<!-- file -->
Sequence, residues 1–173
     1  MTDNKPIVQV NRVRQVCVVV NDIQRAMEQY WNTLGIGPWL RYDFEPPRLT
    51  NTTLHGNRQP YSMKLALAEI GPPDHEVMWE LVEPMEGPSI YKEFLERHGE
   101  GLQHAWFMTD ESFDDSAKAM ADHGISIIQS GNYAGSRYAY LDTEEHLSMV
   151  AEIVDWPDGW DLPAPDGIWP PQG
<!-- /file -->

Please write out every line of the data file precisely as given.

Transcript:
Sequence, residues 1–173
     1  MTDNKPIVQV NRVRQVCVVV NDIQRAMEQY WNTLGIGPWL RYDFEPPRLT
    51  NTTLHGNRQP YSMKLALAEI GPPDHEVMWE LVEPMEGPSI YKEFLERHGE
   101  GLQHAWFMTD ESFDDSAKAM ADHGISIIQS GNYAGSRYAY LDTEEHLSMV
   151  AEIVDWPDGW DLPAPDGIWP PQG